"Sir. Yes, Sir."

"Dismissed, Sergeant."

I did my best to snap to attention and salute properly. This was pretty much the first discussion I'd had with an officer in the last month that didn't involve words like "confinement" and "dishonorable discharge."

I started to turn and froze. "Sir? Dismissed to where?"

As far as I could tell, there was no unit here; the Brigade driver had dropped me off at an old hanger on an out-of-use runway, with an office that the Colonel had obviously co-opted for the discussion. It was in a remote part of the training ranges, far from main base.

He glanced over at the Sergeant Major. "I was wondering when you were going to ask that. Actually, this is your new office right here. Welcome to the 16th Training and Readiness Group. The Sergeant Major will give you the tour. She's all yours, Pogo."

I watched, stunned, as he got up and walked out past me.

I looked back over at the Sergeant Major. "What am I doing here, Sergeant Major?"

"Your job, Sergeant. You're a Cargo Handler, you load and unload planes. You'll be doing that and a bit of Transportation Management Coordinator stuff." He walked out of the office into the main hanger as I trailed behind him. "Computer and phone lines should be in already, the geeks will be bringing a couple computers by tomorrow and get them set up in your office. Phone in the office is already hooked up, contact list is on it. The guys will be bringing the forklifts, pallets, dollies and all that crap over on Friday morning."

A horn sounded outside the hanger. "That will be your stuff from your barracks room. I had your room mate pack it all up."

I'd been rather hastily kicked out of my own house after "the incident," and stuck in a temporary barracks room.

He gestured towards the back of the hanger. "Your new quarters are back there. Bedroom, kitchenette and bathroom. Sometimes we need lift on short notice in the middle of the night, so it's best to have you here."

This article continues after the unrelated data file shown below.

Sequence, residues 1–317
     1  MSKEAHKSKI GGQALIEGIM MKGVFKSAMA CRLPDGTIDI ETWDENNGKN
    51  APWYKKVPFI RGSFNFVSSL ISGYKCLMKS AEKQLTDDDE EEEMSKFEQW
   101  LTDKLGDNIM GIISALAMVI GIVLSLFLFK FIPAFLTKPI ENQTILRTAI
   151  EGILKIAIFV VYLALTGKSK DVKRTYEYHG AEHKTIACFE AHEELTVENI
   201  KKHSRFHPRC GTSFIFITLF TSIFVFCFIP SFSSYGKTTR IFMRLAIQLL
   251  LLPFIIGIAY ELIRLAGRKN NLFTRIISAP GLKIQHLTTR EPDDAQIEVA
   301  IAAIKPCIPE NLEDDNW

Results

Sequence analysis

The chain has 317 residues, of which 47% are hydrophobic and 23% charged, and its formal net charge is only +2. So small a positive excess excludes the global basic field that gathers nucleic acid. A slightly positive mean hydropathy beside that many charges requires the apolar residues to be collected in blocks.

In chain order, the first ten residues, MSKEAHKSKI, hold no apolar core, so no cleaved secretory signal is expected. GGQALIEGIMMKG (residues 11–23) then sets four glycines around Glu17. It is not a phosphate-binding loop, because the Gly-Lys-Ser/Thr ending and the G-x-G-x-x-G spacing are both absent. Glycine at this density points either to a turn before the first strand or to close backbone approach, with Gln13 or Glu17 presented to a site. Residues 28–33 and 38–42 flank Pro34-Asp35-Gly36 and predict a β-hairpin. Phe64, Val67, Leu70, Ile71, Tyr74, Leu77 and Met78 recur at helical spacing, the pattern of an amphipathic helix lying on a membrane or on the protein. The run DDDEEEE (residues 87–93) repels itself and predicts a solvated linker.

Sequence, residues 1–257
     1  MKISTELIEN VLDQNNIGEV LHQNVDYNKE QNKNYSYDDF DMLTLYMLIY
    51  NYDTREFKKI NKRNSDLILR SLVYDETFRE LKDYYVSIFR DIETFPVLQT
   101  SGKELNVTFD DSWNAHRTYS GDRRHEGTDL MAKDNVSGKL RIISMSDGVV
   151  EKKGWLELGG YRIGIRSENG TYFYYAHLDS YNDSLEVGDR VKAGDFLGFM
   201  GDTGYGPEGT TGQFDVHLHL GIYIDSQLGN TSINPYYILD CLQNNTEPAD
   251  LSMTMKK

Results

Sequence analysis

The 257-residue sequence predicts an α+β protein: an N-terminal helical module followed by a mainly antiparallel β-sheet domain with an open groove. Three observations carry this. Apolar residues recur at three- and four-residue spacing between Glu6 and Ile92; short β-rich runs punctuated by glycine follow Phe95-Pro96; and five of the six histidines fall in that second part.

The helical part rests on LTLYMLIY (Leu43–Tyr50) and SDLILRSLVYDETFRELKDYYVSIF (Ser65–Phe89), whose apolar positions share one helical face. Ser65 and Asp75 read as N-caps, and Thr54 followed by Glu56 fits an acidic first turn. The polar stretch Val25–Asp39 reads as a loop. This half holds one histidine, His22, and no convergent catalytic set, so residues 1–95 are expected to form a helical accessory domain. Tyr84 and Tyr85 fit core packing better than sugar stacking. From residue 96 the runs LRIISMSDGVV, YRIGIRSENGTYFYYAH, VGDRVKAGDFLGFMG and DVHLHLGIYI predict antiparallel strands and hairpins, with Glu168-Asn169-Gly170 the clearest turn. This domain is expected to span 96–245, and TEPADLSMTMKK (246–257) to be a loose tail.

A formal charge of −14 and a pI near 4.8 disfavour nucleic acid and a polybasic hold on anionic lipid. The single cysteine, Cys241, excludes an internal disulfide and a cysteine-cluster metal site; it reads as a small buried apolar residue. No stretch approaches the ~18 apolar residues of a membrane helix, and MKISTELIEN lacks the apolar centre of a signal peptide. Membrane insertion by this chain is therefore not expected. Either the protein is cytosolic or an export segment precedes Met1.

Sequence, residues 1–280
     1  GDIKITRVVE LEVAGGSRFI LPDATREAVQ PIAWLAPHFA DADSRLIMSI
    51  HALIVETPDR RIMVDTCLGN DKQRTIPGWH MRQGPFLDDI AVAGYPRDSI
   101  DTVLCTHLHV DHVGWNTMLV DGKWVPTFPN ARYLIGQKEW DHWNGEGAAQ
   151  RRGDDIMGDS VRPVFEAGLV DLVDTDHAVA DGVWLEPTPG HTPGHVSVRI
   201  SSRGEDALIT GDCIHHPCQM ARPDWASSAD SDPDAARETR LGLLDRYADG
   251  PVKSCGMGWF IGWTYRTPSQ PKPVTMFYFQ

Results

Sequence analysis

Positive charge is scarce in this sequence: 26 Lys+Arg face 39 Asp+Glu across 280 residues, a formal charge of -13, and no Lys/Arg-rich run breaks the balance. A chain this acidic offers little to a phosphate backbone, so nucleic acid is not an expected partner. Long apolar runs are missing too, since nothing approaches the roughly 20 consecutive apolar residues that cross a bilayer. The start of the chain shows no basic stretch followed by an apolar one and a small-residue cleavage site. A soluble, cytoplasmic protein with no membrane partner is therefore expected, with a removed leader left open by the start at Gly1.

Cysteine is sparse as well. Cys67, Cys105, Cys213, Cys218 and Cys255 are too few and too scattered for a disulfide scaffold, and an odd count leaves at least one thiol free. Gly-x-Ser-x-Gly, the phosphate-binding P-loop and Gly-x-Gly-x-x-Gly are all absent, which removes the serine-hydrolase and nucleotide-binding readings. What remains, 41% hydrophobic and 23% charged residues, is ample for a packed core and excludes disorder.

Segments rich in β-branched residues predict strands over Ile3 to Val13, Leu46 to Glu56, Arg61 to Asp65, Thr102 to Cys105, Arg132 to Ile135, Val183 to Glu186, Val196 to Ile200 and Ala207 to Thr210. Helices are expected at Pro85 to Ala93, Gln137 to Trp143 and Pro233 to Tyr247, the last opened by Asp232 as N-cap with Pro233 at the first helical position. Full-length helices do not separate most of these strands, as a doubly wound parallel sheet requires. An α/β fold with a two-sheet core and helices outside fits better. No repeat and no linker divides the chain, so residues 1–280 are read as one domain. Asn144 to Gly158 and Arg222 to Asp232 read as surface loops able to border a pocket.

"Is this some kind of solitary confinement thing?"

"You have a problem with it?" His easy demeanor dropped and his focus sharpened rather suddenly. His affable nature suddenly seemed to be a mask for something much more dangerous, a cold predator of some kind. A tiny, rather terrified, voice in the back of my head warned me that a dishonorable discharge and confinement might just be the least of my worries if I crossed him.

"No, Sergeant Major. My roommate snored. Loudly. I just want to know where I stand."

He relaxed a bit. "You're not a prisoner. Follow the rules Colonel Howard laid out and everything will be fine. We're busy as hell, that's why we're bringing this airfield on line. You'll be busting your ass here, probably do three times the work of anyone else in your specialty. But you'll be treated fairly and get anything you need to do your job. You take care of the unit, we'll take care of you."

The horn honked again and he nodded toward the hanger door. "You might want to go ahead and let them in."

I walked over and threw the switch to open the door. It made an odd grinding noise, but slowly opened to let in a grey crew cab F150. When it stopped, mountains of testosterone and muscle poured out. Actually it was three guys in khaki cargo pants, desert boots and an array of somewhat suggestive bar t-shirts, but it was pretty much the same thing.

A big blonde guy with a close cropped beard slid out of the driver's seat, an even bigger redheaded guy with a full brush of a beard and huge slabs of muscle, slid out on the passenger side, while a slender dark-haired clean shaven guy came out of the back.

The big blonde guy nodded toward the Sergeant Major, then looked over at me.

"Alright Sergeant, where do you want it?"

I pointed towards the back room. "I'll be living in there."

The guy with the dark hair slid towards me. Damn, he was good looking, in that sort of tall, dark and smoldering, Italian way. His voice sounded like liquid sex. "Hello, I'm..."

"Hollywood." The Sergeant Major glared at him. "What part of 'NO' do you not understand?" Even though he didn't raise his voice one bit, I could suddenly hear cold sharp steel in it.

The appropriately-named Hollywood stiffened. "Got it, Sergeant Major."

The blonde guy rolled his eyes. "Get the bags out of the back seat. Dumbass."

Hollywood gave a brilliant apologetic smile, then winked and turned back to the truck.

The blonde guy walked over. "I'm Kurt. You already met Hollywood. The big guy over there is Amos."

The red haired guy grumbled something. Hollywood grinned. "Don't mind old Amos here, raised in a swamp, speaks more alligator than English."

Amos shook his head and lifted a chair one-handed out of the back of the truck like it was a scrap of paper.

I looked at them and a light dawned. "I'm guessing I'm the lowest ranking person here, aren't I?"